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Z 01.08.19 at 3:16 pm

Chris I’m puzzled by your final para, which repeats things you said above.

What I intend to convey is that I find more productive to think about how different populations came to think of themselves as populations, what that entailed and what it entails now rather than in abstract legal or moral arguments, not because I don’t value legal or moral analyses but precisely because I value them: as I believe legal and moral positions and arguments mostly derive from the actual practices of populations (and not vice-versa), I want the emphasis put on actual practices in order to understand (and be able to act upon) moral and legal codes (insofar as this action is indeed possible).

Applied to the topic you discuss, this means I don’t believe that collecting arguments in favor of exclusion of immigrants or refutation thereof can change the terms of debate or improve our understanding of this phenomenon more than trying to understand the actual anthropological behaviors underlying these intellectual constructions.

But I think this difference between us, beyond a difference in intellectual approach, might reflect the fact that you approach these questions as an activist and as a moral philosopher whereas I’m tend to view them almost solely through the political activism lens, and a mathematician criticizing someone else for taking an exceedingly abstract approach to a problem that should be grounded in sensible and human reality is admittedly a rather bold stone-thrower in a rather glassy house.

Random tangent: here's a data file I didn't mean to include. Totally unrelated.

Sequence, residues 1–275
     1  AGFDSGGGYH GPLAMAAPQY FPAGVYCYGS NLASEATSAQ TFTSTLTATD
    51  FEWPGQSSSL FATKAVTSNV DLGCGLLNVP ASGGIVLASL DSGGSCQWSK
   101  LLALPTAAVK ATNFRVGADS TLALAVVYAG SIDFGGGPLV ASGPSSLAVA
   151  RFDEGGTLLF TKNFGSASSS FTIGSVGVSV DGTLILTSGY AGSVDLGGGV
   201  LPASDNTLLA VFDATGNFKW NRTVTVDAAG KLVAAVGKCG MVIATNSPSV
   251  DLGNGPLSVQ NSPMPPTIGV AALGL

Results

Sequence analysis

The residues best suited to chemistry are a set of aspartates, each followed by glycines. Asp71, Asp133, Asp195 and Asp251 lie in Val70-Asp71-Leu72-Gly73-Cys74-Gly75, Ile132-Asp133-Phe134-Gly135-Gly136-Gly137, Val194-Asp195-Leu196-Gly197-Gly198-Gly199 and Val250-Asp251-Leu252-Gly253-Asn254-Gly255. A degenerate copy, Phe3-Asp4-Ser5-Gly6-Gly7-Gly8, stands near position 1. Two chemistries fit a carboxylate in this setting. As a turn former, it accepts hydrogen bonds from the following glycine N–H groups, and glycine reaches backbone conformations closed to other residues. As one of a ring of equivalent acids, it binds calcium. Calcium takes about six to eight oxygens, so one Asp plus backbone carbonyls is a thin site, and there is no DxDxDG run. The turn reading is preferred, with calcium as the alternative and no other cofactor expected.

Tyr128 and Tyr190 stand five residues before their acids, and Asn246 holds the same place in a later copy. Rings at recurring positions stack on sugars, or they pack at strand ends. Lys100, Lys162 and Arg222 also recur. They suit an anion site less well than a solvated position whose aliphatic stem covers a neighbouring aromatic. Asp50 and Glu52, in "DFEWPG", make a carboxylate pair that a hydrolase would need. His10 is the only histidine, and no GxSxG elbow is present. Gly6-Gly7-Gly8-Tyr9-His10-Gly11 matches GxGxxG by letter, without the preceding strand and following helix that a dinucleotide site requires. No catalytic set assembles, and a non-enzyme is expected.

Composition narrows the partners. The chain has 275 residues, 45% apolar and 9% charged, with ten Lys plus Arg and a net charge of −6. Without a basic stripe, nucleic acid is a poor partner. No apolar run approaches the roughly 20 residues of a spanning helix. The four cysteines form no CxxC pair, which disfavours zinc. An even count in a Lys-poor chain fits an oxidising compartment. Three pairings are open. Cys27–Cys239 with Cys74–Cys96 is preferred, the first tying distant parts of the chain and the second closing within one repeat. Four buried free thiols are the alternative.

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bianca steele 01.08.19 at 5:31 pm

Sebastian: “Even if the commitment is “just” to work hard to live together in peace, that isn’t a commitment everyone shares. If enough people don’t share it, you don’t have much of a nation.”

I don’t know you well enough to know whether by “work hard to live together in peace” you mean live as a single community, work hard to understand other community members immediately and/or to be understood, and consequently have a dim view of lasting dissent or conflict, however well that conflict or pluralism might be managed or privatized. Something like that is suggested by Philip Gorski’s “American Covenant,” which somehow fails to answer whether the expanding circle of membership is to be drawn narrowly at the start (that is, in the 21st century) to include only conservative heterosexual white male Protestants among those who already “belong”, and which in any case seems to me to present a religious ideal, not a political one.

If “it isn’t like my religion” is going to be a knockdown argument against any conceivable political or social arrangement, we aren’t going to get very far.

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Erl 01.08.19 at 7:27 pm

A proposal (not one I endorse myself) for a perspective missing from this conversation:

A lot of this argument ignores the role of the “principled unprincipled act.”

For example: under a well-formed theory of property rights, I’m perfectly entitled to dig the uranium out of my back yard, refine it, and use it to build a nuke. Why not? Oh, I can’t use the nuke, or even threaten to do so, but so long as I don’t, what’s the principled objection to me having one?